4. Something I have always loved about you, Dawn, is your insight and compassion. I've known people who grieved openly and that can make others uncomfortable because they think they have to "fix" things somehow. I understand how someone who is hurting gets tired of people wanting them to just be better (often too soon). It is difficult to watch someone you love grieving, but we all have to let each other grieve as needed, at their own pace. My hope would be that people would view this movie and understand that it is not about being self-absorbed. It is about survival even when the survivor doesn't wish to survive. Sounds like a very deep, yet true to life, movie that everyone should see before they try to help someone submerged in grief. Thanks for the recommendation! I'll try to find the movie and pick the right time to watch it.

    1. "It is about survival even when the survivor doesn't wish to survive." Yes. That is it, exactly. Thank you for your kind words. If you watch it at some point, I hope you let me know what you thought. I tend to like movies that others don't so much.

  5. During the last several years of their lives, my husband and I moved in with my parents to enable them to remain in their house until they died. My husband and I inherited their house after my mom died, and I was surrounded not only by their possessions, which were difficult to go through, and even more difficult to let go of, but continued to live in their (now our) home (and still do). I was extremely close to my mom, in particular, and I was immersed in grief for several years after my dad's and her deaths. Well meaning family members and friends kept telling me it was time to "get over it," which I found hurtful, and which made it impossible for me to express my continued, profound grief over their passing to anyone except my husband. Each of us grieves differently, and it takes however long it takes. Although I don't think I could ever choose to go into isolation in the wilderness, I can certainly understand Edee's desire to isolate herself from others who "just want [her] to be better." Thank you for a beautiful, honest, and heartfelt review of this film.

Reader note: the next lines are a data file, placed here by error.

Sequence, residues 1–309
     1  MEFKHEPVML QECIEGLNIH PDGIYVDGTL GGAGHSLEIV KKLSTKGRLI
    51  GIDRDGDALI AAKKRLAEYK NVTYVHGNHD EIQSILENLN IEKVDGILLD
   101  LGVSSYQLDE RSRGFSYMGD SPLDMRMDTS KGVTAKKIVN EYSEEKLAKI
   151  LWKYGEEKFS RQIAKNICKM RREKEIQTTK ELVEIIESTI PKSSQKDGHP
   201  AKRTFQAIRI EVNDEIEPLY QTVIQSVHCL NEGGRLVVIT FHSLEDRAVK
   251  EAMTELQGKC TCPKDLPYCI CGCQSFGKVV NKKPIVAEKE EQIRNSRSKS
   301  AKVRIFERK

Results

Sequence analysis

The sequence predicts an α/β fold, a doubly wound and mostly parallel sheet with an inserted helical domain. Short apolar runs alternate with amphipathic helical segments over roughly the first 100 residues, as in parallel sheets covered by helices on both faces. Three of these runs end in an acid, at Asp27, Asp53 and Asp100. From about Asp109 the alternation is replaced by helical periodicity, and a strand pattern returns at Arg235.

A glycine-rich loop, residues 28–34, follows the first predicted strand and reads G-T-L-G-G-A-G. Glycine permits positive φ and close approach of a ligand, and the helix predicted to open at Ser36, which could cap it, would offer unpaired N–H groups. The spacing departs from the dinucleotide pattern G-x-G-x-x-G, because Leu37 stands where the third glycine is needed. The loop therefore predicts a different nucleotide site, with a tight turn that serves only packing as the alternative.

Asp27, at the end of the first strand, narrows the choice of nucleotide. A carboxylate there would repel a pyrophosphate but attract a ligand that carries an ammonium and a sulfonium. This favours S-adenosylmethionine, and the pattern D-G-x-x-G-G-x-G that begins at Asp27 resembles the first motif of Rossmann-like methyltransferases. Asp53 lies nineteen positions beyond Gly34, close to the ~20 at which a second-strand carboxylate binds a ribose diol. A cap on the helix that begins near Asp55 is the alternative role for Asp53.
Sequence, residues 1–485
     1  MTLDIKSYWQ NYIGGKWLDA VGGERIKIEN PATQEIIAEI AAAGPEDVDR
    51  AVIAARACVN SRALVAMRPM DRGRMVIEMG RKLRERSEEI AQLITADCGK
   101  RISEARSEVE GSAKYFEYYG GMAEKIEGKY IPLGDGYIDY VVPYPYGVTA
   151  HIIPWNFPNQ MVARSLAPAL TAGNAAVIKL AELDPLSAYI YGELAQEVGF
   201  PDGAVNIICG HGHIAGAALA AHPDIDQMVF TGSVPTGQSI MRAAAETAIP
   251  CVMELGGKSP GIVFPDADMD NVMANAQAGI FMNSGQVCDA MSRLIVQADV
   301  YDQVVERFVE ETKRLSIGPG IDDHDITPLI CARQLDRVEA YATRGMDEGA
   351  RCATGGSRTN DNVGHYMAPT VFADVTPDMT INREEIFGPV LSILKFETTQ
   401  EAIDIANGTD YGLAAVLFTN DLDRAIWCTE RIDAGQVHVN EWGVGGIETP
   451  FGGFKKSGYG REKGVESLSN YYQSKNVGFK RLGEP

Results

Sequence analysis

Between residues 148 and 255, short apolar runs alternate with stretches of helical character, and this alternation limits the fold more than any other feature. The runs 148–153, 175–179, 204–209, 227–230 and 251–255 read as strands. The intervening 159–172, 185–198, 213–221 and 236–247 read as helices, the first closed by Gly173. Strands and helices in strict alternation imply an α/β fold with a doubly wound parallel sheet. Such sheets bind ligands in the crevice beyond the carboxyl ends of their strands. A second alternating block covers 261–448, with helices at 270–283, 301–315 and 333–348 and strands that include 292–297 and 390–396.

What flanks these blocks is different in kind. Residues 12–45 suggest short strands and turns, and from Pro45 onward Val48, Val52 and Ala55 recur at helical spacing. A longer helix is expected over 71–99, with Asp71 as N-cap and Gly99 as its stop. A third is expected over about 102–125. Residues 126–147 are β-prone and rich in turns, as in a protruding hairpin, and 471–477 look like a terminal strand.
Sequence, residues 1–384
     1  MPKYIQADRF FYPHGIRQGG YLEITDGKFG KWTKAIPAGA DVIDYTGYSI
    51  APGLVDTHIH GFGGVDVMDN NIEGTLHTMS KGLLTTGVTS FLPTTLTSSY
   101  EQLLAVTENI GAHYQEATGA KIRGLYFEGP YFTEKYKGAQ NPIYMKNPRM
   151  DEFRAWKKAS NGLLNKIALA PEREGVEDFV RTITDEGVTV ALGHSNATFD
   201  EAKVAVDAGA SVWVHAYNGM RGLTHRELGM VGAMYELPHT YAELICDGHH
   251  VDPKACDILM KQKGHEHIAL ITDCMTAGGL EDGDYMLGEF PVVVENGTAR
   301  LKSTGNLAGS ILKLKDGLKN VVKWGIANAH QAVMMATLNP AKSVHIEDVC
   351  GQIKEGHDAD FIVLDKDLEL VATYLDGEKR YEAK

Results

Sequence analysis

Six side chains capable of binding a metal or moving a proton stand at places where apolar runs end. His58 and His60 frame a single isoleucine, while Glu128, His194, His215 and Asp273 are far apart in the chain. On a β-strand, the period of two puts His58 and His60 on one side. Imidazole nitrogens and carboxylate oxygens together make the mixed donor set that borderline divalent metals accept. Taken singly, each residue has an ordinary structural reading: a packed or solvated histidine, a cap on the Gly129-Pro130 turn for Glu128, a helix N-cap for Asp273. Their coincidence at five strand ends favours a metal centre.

1. Margaret, I didn't know that about you and your parents. I am sorry. And it's so incredibly hard to literally be surrounded by "the stuff" and yet try to move on. You are very welcome. And thank you for sharing your personal experience.

  6. Wow, you had me from beginning to end on this review. I'm not sure I could watch it; to witness so much internal suffering. I'd have to be in a certain mood I suspect. However, what an interesting, and horrendous storyline. A story that unfortunately many people, I'm sure, will relate too. I don't mean this to sound all holier-than-though(ish) but if I had one wish, it would be for the suffering of all people to end - or that they get through it quickly. Having gone on too long with this comment, I'll end with, I'd probably watch this one. :)

  7. I do appreciate your in depth and heartfelt review of this movie. I feel I would like to watch it but perhaps not just yet as with memories of the deaths of people close to me I suspect I would find this too much. Certainly a movie you need to be in the right frame of mind to watch though it does sound insightful and handled well. Everyone grieves in their own way, in their own time and there is no time limit or correct way to grieve or to heal. In my experience you do not "get over it" but rather the loss and the grief is weaved into the fabric of your own life. I still greatly miss my loved ones who have passed.On a lighter note I have visited Alberta, Canada and Moose Mountain and it is so beautiful so I would love to see that stunning scenery. One movie I would like to add to my list to watch one day.